In a surprising move, the Los Angeles Kings terminated the lengthy contract of two-time Stanley Cup champion Mike Richards on Monday.
It was expected that the Kings would buy out the remaining five years of the underperforming center's 12-year contract -- the team placed him on unconditional waivers on Sunday -- but they resorted to terminating him for being in violation of his contract.
The Kings did not say why Richards is in violation of the deal, although several sources told ESPN.com it involves an off-the-ice incident.
"The Los Angeles Kings today have exercised the team's right to terminate the contract of Mike Richards for a material breach of the requirements of his Standard Player's Contract," the Kings said in a statement.
According to a source, the Kings did inform the league about their intent to terminate Richards' contract, even before putting him on unconditional waivers Sunday. The NHL Players' Association has a right to file a grievance for Richards and is in the process of gathering information before deciding whether to take that route.
"We are in the process of reviewing the facts and circumstances of this matter, and will discuss the situation with the player in order to determine the appropriate course of action," NHLPA spokesman Jonathan Weatherdon said in a statement.
Several sources told ESPN.com the Kings were made aware of the situation Friday, approximately an hour after the first round of the 2015 NHL draft had begun.
The team was already in the process of trying to trade him -- discussions were in place with both the Edmonton Oilers and the Calgary Flames -- but Kings general manager Dean Lombardi immediately informed both teams upon learning about the situation that he had no prior knowledge of the incident and halted those talks, according to a source.
"He came right over to me," Oilers general manager Peter Chiarelli confirmed to ESPN.com. "He pulled me aside and said, 'Hey, Pete, this is going to come out. I had no idea. This is important you know so that talks [don't go any] further.'"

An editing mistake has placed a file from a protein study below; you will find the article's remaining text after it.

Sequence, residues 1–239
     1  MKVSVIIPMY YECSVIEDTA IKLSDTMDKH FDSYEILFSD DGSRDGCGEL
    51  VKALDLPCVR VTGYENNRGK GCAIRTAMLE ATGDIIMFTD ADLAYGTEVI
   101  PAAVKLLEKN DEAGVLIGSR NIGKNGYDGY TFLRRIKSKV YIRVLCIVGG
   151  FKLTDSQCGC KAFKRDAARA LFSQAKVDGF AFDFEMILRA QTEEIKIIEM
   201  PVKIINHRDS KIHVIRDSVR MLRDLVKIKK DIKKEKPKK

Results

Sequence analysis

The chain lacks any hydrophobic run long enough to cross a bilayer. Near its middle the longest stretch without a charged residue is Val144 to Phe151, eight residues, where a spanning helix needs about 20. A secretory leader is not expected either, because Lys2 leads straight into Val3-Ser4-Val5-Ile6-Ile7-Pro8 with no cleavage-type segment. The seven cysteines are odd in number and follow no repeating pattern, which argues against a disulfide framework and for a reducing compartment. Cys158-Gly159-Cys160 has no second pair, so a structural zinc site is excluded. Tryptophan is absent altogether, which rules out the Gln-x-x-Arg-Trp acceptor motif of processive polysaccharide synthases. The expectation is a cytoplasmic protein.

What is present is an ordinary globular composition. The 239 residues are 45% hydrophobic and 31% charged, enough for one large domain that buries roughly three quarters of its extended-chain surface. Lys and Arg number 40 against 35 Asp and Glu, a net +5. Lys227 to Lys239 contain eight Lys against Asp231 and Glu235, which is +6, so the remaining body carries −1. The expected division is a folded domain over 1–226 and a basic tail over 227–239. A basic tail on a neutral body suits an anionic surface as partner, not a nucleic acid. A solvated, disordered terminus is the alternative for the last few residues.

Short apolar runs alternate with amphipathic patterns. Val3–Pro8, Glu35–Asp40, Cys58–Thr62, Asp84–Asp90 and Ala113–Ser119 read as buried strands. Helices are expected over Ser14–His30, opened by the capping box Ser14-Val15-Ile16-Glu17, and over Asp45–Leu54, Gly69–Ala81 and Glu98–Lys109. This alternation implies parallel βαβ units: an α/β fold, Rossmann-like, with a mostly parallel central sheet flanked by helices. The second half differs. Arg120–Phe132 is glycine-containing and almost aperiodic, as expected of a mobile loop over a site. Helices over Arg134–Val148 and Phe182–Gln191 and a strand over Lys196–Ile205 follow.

Lombardi did the same with Flames GM Brad Treliving on the draft floor, Treliving confirmed.
It is not immediately clear when said incident took place.
Richards was earning $5.75 million per season as part of a $69 million deal that was scheduled to run out in 2020.
Richards, 30, had cleared unconditional waivers on Sunday. The deadline for the first buyout window is June 30.
The move to terminate the contract means Richards' $5.75 million cap hit will not count against the team's salary cap, and the veteran immediately becomes an unrestricted free agent.
Although the team is no longer on the hook for his cap charge, the cap-recapture penalties are effective immediately.
The Kings could have used a compliance buyout on him last summer -- the last window in the new CBA for teams to do so without a cap penalty -- but Lombardi, out of loyalty to Richards and believing that the veteran center would bounce back and raise his level of play, decided not to.
Lombardi told ESPN.com in an interview earlier this month that he regretted not exercising the compliance buyout on the Kenora, Ontario, native.
"It could be the worst decision I've ever made," he said. "But for all the right reasons."
ESPN.com's Pierre LeBrun and Craig Custance contributed to this report.